For those people who are looking to "party" with the ladyboys, I can't offer any advice from first hand experience. From what I've read you should probably be careful. Make sure that you know what you are getting into. Some of the ladyboys are pre-op below the waist, while others have already had the surgery to replace their penis with a "vagina". If you are going to freak out if your hired date can still pee standing up, you should probably find out before you make the arrangements. If you express shock and "awe" shit when she stiffens back at the room, it might not be a good scene. At best you'll probably end up paying for services neither wanted nor rendered, and at worst, a very unpleasant scene.

Ladyboys are also fairly common in areas of Bangkok and Pattaya. If you come to the kingdom, you have to see them.

From Ladies and Gentlemen
From Ladies and Gentlemen
From Ladies and Gentlemen
From Ladies and Gentlemen
From Ladies and Gentlemen
From Ladies and Gentlemen

More Vegetarian Pictures

Here are a couple of pictures from the Phuket Vegetarian Festival that stand out for me. The first is because it was a boy pierced. This little boy was riding on his father's shoulders. He didn't look much older than my son Jacob.

I like this picture for more aesthetic reasons. The side angle of the gun going into his cheek is different than most of my head on shots.

Don't worry, I have lots more pictures to go.

Saturday, October 11, 2008

Luck to Die For

So you say you love your spouse, eh? Would you die for him or her. That's exactly what one woman from Bangkok had in mind when she visited a temple in a nearby province. Of course her death was a temporary sort that was part of a purifying ritual that claims to rid participants of bad karma and luck.

The ceremony involves the participants laying in an open coffin where they experience a "spiritual death". The temple's monks pray and perform some a ritual that expels the bad karma and causes the person's rebirth. Hundreds of Thais flock to the temple each day to improve their luck. The lady mentioned above was seeking luck in love in the form of a visa to visit her falang boyfriend in the Netherlands. Others hope the ritual will improve their health or financial situation. There are even numbers around the coffins that can be used to play the lottery. The entire ritual costs less than six dollars per person.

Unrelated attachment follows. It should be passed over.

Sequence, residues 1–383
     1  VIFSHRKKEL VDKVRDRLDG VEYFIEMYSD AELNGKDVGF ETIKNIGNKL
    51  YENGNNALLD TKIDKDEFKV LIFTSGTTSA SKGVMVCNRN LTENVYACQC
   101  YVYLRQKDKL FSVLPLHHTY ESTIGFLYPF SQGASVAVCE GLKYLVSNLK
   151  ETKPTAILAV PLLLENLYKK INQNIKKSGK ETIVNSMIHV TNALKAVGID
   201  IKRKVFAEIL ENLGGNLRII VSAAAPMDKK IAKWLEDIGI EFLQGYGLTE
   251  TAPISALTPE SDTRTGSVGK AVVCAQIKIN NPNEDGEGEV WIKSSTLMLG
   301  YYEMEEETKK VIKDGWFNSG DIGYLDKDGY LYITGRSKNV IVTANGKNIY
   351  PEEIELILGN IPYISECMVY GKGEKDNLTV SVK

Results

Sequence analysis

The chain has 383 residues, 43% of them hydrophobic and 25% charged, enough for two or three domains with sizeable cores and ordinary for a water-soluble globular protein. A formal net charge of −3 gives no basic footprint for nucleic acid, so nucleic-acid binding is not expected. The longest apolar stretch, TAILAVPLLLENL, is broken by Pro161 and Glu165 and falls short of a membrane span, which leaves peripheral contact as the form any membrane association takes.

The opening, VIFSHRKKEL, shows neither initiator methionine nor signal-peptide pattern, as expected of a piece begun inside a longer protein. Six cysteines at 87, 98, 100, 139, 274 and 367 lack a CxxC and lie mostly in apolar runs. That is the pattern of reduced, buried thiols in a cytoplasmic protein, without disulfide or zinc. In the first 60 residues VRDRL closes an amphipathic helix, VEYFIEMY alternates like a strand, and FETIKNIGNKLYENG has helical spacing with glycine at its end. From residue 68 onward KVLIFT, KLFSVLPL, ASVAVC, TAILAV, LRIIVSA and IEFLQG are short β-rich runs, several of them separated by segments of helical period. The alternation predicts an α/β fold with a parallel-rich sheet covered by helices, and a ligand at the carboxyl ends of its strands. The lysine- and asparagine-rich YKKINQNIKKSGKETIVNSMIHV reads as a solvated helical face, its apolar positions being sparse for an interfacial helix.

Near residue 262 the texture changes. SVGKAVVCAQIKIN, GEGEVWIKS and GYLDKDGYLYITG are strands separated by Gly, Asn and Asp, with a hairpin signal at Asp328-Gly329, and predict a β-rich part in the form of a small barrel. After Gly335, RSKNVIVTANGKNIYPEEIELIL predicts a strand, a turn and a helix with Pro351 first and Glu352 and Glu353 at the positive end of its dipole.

I found this story fascinating because it intersects the superstitious nature of Thai society and the desire of some Thai women to have a falang husband, boyfriend or walking ATM.

How are Thais superstitious you ask? A lot of Thais believe in and consult with fortune tellers and fung shei gurus. These fortune tellers can influence business decisions. Each day of the week has a lucky color that dictates the choice of shirts for many Thais. Religious amulets were quite the craze over the last few years here in the Kingdom. These amulets were supposed to bring luck and protection. I remember at least one story of soldiers and policemen who wore them and believed that they would help protect them from bullets.

Its certainly true that not all Thai women want to marry a falang man. In fact, even among those who do seek out a foreign boyfriend, its not because most find Thai men unappealing or a beer gut on a Western man enticing. The bulge in the back of the falang's pants, and not the front, is what attracts some Thai women.